Something about boxing has produced a rich vein of American literature, mined by prospectors as diverse as Jack London, Norman Mailer, James Baldwin and Joyce Carol Oates. It has produced classic films, both fictional and documentary. Great boxers and great writers seem to find each other like charged electrons spinning around an atom. Liston had Baldwin. Ali had too many to name. Even a complicated case like Mike Tyson found a mind as deft and graceful as Oates. But it is hard to imagine a voice that could do for this fight what those great voices of the past have done for fighters as diverse and as complicated as Louis, LaMotta, Liston, Ali, Frasier, Tyson.

It bugs me that I can’t draw a thesis from the Mayweather-McGregor match now, because next year I want to spend a considerable amount of time writing and thinking about violence. Boxing and MMA, the battling core of American blood sport, should offer me an easy way to get into thinking about, as A.J. Liebling wrote apropos of Marciano-Moore, “the thing that is eternally diverting… the struggle of man against history.”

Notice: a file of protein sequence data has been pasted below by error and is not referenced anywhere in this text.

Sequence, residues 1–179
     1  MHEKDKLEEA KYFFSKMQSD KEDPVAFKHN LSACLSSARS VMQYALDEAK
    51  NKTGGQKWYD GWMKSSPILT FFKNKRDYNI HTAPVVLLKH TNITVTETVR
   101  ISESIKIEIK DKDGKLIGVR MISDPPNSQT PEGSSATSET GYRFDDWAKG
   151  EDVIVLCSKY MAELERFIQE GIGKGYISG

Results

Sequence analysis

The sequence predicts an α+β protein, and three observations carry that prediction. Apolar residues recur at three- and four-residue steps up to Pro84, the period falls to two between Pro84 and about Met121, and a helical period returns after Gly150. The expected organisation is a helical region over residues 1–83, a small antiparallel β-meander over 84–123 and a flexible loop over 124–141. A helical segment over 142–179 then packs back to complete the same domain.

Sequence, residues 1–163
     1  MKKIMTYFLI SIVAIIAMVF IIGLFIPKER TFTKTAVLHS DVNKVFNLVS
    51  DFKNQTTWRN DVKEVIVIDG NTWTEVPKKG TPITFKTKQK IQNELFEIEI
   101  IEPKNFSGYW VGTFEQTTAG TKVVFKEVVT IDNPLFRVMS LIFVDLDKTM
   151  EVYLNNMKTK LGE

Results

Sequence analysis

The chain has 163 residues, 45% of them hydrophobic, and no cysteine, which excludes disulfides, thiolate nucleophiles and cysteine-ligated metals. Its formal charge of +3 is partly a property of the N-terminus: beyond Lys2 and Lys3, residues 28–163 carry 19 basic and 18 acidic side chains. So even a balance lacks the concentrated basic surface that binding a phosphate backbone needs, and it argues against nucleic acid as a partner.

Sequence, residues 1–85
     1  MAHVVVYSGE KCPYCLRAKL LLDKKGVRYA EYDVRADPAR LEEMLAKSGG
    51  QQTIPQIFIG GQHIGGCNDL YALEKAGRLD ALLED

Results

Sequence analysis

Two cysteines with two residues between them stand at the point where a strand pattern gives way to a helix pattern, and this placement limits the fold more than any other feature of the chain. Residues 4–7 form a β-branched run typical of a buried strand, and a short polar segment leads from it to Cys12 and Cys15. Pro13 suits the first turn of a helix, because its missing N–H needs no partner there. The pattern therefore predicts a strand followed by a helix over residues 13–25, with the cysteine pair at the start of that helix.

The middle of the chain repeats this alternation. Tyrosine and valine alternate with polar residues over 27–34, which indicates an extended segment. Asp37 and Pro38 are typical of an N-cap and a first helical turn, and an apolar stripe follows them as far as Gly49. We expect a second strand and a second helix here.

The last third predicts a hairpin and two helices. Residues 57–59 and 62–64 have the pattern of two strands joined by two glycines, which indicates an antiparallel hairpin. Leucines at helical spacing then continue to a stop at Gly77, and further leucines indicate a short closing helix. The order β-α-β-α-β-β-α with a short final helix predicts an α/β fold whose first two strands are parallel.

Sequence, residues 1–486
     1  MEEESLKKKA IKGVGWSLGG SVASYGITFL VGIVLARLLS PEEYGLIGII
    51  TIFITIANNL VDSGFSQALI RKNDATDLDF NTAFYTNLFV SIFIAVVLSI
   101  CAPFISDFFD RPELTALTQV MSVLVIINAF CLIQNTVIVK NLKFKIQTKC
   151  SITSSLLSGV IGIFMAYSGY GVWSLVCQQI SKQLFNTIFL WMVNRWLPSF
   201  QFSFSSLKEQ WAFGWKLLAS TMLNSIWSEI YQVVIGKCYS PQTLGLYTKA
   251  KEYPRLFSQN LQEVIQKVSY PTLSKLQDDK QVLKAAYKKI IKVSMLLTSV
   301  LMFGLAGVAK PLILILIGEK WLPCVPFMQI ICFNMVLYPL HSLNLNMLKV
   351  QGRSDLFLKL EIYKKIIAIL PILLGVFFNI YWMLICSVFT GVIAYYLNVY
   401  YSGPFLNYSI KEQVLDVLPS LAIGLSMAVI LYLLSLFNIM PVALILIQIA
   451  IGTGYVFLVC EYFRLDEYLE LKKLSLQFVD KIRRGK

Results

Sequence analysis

But Mayweather-McGregor wasn’t a struggle of man against history; it seemed to take place in that liminal zone where history is just an inconvenient side-effect of our age’s excessive embrace of the now. It was a tempest of hollow hype and crazed commercialism. It doesn’t call for a Leibling; it calls for Guy Debord.

The book-length essay I’m pretending I’ll write next year will be a contemporary Anatomy of Melancholy about violence and its trajectory through the modern mind. I’m training for it by doing all the things I normally do: buying books I won’t read, watching documentaries, distracted googling, pretending I understand the change in the concept of the human from Aeschylus to Euripides. It’s a safe bet, as the unread books pile up and my Netflix cue chokes with serial killer shows that the book won’t get written. It’s also a safe bet that I’ll be wearing a mismatched Polo sweat suit while not doing it.

I promise to write you just one straightforward letter at least once before we finish. Bare with me.

Best,

S